Valuing Health Gain from Composite Response Endpoints for Multisystem Diseases

SP Gavan, IN Bruce, K Payne, MASTERPLANS Consortium

Research output: Contribution to journalArticlepeer-review


Objectives: This study aimed to demonstrate how to estimate the value of health gain after patients with a multisystem disease achieve a condition-specific composite response endpoint.

Methods: Data from patients treated in routine practice with an exemplar multisystem disease (systemic lupus erythematosus) were extracted from a national register (British Isles Lupus Assessment Group Biologics Register). Two bespoke composite response endpoints (Major Clinical Response and Improvement) were developed in advance of this study. Difference-in-differences regression compared health utility values (3-level version of EQ-5D; UK tariff) over 6 months for responders and nonresponders. Bootstrapped regression estimated the incremental quality-adjusted life-years (QALYs), probability of QALY gain after achieving the response criteria, and population monetary benefit of response.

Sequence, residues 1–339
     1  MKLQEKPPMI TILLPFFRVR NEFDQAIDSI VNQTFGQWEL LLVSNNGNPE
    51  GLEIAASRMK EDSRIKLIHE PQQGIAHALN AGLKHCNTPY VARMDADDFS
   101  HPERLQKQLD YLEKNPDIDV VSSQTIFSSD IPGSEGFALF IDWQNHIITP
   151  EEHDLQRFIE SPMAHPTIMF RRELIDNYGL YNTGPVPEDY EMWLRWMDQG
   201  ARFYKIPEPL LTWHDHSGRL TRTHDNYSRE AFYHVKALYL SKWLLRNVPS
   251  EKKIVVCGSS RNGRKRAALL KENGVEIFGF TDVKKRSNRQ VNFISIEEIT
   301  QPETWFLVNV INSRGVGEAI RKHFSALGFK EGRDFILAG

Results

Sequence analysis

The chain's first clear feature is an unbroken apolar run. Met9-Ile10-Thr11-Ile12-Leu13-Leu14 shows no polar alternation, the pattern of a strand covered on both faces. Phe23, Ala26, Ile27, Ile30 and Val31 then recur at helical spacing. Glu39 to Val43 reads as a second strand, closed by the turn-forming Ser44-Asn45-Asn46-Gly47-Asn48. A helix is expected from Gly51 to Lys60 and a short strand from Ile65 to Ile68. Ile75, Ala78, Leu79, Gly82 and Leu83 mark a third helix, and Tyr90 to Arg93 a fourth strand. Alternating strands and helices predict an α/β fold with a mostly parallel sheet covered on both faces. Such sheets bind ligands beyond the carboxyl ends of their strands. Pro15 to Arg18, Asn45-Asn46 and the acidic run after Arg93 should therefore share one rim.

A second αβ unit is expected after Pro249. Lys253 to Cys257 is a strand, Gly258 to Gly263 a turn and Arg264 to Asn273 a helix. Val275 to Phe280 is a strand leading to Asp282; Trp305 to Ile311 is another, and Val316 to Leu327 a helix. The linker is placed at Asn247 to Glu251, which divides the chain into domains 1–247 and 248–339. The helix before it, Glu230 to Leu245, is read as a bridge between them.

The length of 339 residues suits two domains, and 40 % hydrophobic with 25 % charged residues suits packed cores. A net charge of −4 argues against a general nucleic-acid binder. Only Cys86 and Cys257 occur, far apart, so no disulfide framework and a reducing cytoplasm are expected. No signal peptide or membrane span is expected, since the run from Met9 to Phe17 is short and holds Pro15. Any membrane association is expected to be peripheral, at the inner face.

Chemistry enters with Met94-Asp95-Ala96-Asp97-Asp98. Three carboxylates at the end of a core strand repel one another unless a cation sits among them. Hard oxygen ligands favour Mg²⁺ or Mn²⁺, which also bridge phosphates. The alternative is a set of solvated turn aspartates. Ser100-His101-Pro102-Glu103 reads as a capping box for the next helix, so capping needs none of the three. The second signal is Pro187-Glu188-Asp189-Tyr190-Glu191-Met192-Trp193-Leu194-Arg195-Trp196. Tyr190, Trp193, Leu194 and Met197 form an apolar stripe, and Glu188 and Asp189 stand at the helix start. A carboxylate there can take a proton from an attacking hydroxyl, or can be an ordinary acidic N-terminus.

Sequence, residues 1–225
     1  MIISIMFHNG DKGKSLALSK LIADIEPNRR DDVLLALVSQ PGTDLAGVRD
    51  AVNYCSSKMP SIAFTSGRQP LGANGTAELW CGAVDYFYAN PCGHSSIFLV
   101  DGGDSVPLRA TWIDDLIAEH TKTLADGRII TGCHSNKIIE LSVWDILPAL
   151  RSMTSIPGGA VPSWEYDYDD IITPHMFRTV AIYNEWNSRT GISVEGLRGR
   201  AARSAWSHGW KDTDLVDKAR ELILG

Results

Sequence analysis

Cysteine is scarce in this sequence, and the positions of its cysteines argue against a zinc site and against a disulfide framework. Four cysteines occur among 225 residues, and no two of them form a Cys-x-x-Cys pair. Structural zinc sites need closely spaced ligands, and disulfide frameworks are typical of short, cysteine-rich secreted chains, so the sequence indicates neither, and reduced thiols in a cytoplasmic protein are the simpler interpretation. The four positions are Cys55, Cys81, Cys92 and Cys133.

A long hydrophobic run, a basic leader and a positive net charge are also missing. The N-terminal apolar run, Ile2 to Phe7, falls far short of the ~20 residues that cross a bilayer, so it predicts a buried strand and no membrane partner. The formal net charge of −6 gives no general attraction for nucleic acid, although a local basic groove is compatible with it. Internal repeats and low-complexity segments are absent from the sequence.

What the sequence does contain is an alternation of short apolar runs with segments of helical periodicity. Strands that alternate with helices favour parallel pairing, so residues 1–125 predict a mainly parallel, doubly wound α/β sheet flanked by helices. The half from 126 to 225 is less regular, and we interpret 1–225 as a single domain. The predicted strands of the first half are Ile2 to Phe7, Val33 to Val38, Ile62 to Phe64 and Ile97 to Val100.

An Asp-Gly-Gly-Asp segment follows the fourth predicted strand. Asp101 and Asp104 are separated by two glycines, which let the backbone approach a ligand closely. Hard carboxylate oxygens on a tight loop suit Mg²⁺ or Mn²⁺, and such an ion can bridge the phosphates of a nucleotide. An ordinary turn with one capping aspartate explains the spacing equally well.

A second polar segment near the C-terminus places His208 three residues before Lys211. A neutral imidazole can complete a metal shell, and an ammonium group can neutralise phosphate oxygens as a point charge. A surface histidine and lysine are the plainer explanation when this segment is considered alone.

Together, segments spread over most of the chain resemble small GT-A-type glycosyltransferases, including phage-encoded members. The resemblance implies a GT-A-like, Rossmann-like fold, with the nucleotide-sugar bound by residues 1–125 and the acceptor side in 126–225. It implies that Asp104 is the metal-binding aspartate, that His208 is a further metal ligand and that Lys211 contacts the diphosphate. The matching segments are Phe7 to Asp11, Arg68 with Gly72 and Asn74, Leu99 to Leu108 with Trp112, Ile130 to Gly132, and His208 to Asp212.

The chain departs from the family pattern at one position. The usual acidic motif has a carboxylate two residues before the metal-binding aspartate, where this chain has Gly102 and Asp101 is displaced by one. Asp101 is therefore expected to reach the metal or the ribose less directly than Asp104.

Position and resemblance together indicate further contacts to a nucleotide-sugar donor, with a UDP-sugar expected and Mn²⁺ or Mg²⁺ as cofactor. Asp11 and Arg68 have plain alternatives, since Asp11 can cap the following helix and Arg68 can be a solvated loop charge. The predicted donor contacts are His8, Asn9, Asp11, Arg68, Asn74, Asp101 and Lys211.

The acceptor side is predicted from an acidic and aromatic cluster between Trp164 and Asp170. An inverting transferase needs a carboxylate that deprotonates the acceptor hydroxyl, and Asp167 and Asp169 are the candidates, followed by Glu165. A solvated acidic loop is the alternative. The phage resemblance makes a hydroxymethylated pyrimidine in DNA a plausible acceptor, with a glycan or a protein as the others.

Results: Within the sample (n = 171), 18.2% achieved Major Clinical Response and 49.1% achieved Improvement at 6 months. Incremental health utility values were 0.0923 for Major Clinical Response and 0.0454 for Improvement. Expected incremental QALY gain at 6 months was 0.020 for Major Clinical Response and 0.012 for Improvement. Probability of QALY gain after achieving the response criteria was 77.6% for Major Clinical Response and 72.7% for Improvement. Population monetary benefit of response was £1 106 458 for Major Clinical Response and £649 134 for Improvement.

Conclusions: Bespoke composite response endpoints are becoming more common to measure treatment response for multisystem diseases in trials and observational studies. Health technology assessment agencies face a growing challenge to establish whether these endpoints correspond with improved health gain. Health utility values can generate this evidence to enhance the usefulness of composite response endpoints for health technology assessment, decision making, and economic evaluation.


  • composite response endpoint
  • health state utility
  • monetary benefit
  • multisystem disease
  • systemic lupus erythematous


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